Italy referendum: the next stop on the runaway populist train?

Darren Loucaides reports on Italy’s referendum on constitutional reform and its consequences for the country, Europe and populism.

Beppe Grillo, leader of the Five Star Movement (M5S), addresses a crowd. The M5S is presently tied with centre-left PD leading the electoral polls . © Giovanni Favia

First there was Brexit. Then came Trump. Now it's Italy's turn to reckon with the advance of populism in the west.

On Sunday 4 December, Italians will vote in a referendum on constitutional reform that threatens to have serious consequences for both the country and the European Union. If it goes against Prime Minister Matteo Renzi, whose governing centre-left Democratic Party (PD) back a ‘yes’ vote, it could make the government fall. And according to Forbes , it might even end up in an exit from the Euro, or from the EU – already dubbed ‘ItaLeave’.

Donald Trump's victory in the US Presidential Election last month only increased pressure on Renzi, who was one of the few world leaders to publicly endorse Hillary Clinton before the election. Francesco Boccia from the Silvio Berlusconi-led centre-right party Forza Italia said Renzi was ‘politically finished’ after Trump won.

As for Beppe Grillo, the former comedian and founder of the Five Star Movement (M5S) greeted Trump's victory as the ‘burning down of an era’ and likened Trumpism to his own populist movement, which counts vaffanculo (‘fuck off’) as one of its slogans.

Renzi's departure in the wake of a ‘no’ vote on 5 December would leave the door open to Grillo's anti-establishment movement, which is tied with PD leading national opinion polls. Alongside a wide variety of proposals such as a universal basic income, M5S are proponents of a referendum on leaving the euro.

On the surface, the proposed reform of parliament's upper house, which would reduce the size of the senate by two thirds and make it largely appointed, would seem unlikely to harness populist anger. The present bicameral parliament means that both houses are equal in size and power, while supporters of the reform claim that a slimmer upper house would streamline Italy's legislative process.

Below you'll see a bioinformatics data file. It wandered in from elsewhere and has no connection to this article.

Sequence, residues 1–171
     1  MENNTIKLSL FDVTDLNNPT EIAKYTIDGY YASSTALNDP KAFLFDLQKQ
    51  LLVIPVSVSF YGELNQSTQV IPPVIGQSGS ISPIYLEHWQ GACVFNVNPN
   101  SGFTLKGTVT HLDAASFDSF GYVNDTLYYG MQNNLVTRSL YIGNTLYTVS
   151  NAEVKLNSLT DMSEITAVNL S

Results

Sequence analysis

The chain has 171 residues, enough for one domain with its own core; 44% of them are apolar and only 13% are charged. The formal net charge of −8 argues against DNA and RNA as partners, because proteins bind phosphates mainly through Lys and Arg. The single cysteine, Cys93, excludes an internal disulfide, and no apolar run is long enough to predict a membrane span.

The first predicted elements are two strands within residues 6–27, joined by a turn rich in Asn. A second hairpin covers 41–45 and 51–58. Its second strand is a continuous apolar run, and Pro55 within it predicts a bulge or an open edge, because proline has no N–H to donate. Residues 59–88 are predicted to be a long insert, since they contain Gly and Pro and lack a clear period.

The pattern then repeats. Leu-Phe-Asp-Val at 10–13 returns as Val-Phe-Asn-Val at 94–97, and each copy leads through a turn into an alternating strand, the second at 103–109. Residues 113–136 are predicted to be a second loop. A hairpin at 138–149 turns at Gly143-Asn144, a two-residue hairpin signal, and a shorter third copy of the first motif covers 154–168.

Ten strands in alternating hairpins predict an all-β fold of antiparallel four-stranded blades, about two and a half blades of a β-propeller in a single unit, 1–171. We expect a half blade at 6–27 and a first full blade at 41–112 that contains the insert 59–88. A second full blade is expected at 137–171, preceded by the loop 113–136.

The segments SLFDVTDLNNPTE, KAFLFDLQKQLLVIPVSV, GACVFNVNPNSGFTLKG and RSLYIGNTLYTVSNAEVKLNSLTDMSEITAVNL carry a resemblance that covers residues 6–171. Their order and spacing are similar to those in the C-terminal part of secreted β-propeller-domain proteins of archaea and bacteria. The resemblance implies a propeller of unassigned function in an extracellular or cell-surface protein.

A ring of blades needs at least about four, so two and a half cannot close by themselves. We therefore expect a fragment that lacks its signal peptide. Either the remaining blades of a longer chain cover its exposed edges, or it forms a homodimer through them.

Parliament approved the reforms earlier this year. All that remained was for the public to rubber stamp the change to the constitution.

But over the last month, the ‘no’ vote has moved decisively ahead in opinion polls. ‘Renzi completely misjudged how important this vote would be,’ says Gianluca Sgueo, a policy analyst in the EU parliament and professor in media, activism and democracy at New York University in Florence. ’The economic news is bad and the mood in Italy is that we are not getting out of the crisis. It's food for populism.’ Many voters remain undecided.

From the outset Matteo Renzi said that he would not only resign, but leave politics if he lost the referendum. By making the referendum all about him, Renzi armed his opponents in arguing that voting ‘no’ was a way of getting rid of the Prime Minister and government. Renzi has tried to row back, avoiding the question of whether he would actually resign.

Given that Grillo’s M5S want to transform the ‘old political system’, why do they oppose a major reform of parliament? Francesco Berti, an activist for M5S, who like other supporters has used the movement's online ‘direct democracy’ platform to amend law proposals, says that the reform will ‘reduce democratic space’. Berti argues that the reforms will remove two ballots from Italian citizens: both the vote for senators, who would be appointed, and regional assemblies.